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A photo of the side of a public bus. An advertisement on the side of the bus reads “We the People oppose the Surveillance State and say Thank you, Edward Snowden! Take action at ThankYouEdSnowden.org”.
Those concerned about government surveillance have found a champion in Edward Snowden, a former contractor for the U.S. government who leaked thousands of classified documents to journalists in June 2013. These documents revealed the existence of multiple global surveillance programs run by the National Security Agency. (credit: modification of work by Bruno Sanchez-Andrade Nuño)

Americans have recently confronted situations in which government officials appeared not to provide citizens their basic freedoms and rights. Protests have erupted nationwide in response to the deaths of African Americans during interactions with police. Many people were deeply troubled by the revelations of Edward Snowden ( [link] ) that U.S. government agencies are conducting widespread surveillance, capturing not only the conversations of foreign leaders and suspected terrorists but also the private communications of U.S. citizens, even those not suspected of criminal activity.

These situations are hardly unique in U.S. history. The framers of the Constitution wanted a government that would not repeat the abuses of individual liberties and rights that caused them to declare independence from Britain. However, laws and other “parchment barriers” (or written documents) alone have not protected freedoms over the years; instead, citizens have learned the truth of the old saying (often attributed to Thomas Jefferson but actually said by Irish politician John Philpot Curran), “Eternal vigilance is the price of liberty.” The actions of ordinary citizens, lawyers, and politicians have been at the core of a vigilant effort to protect constitutional liberties.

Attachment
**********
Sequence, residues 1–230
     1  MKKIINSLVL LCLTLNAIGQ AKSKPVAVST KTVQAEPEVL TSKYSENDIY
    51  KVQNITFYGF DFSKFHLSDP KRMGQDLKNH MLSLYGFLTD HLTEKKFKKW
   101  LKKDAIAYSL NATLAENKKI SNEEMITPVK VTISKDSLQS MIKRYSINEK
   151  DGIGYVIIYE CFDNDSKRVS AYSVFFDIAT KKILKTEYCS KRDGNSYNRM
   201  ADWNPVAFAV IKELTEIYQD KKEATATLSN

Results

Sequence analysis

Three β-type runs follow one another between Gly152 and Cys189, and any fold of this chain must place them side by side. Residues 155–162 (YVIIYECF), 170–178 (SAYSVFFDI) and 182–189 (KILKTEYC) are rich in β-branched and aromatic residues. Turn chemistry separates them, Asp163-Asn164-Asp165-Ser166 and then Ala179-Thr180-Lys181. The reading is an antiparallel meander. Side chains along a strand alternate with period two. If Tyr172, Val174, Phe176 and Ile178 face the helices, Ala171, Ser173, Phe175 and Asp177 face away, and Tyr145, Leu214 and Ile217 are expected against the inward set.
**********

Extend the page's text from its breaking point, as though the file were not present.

But what are those freedoms? And how should we balance them against the interests of society and other individuals? These are the key questions we will tackle in this chapter.

Questions & Answers

What is pressure group
Felcia Reply
what is election
Faith Reply
A election is a formal and organized choice by voters of a person or people for a political office or other position.
Tina
Ok. Thanks not sure why you sent that to me. But ok?
Chatbot
What if the people of country did not want
Sadam Reply
Can you explain the Stockdale Paradox
Patricia Reply
How the capital market can create a better future for all import and benefit
Egbo Reply
in the dred scott case what did the supreme court decide the Congress had no power to do
Kazi Reply
who was james madison
Ceceilia Reply
Founding Father who fought to add the Bill of Rights to the Constitution he helped write (called the "Father of the Constitution"). He and Jefferson didn't want the federal govt to overpower the states (Democratic-Republican party). Cowrote The Federalist Papers. 4th President of the US (1809-1817).
Aaron
hi
Serah
how are you doing
Bubacarr
hi
Nicole
hello
faithsia
who has the power to declare war
Fernandy Reply
president who is commander in chief
Abu
Adam the president
Talima
are spelled out in Constitution
leticia Reply
What is constituencies
Patrick Reply
is the body of voters who elect their representatives for their area
Ernest
Can you say is the process by which voters who elect their representatives for their area
Lydia
people respresenting Congress
Nicole
but are you sure?
Anna
so does anyone UNDERSTAND the laws of the CITY and the City Council...
Anna
the first Republic political parties
Baby Reply
how call government system in Zambia
esenam Reply
was it Britain that colonialised usa
Temiloluwa Reply
Yes because is in the document of Britain which it cannot be change.
Abu
what is government?
Busari
what is Electoral malpractice
Bailey Reply
it is a practice which is against the rules of electoral activities(electoral commission ).
Abu
Electoral malpractice, is illegal interference with process of an election.
Tina
Clifford constitution of 1922
ABAH Reply

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Source:  OpenStax, American government. OpenStax CNX. Dec 05, 2016 Download for free at http://cnx.org/content/col11995/1.15
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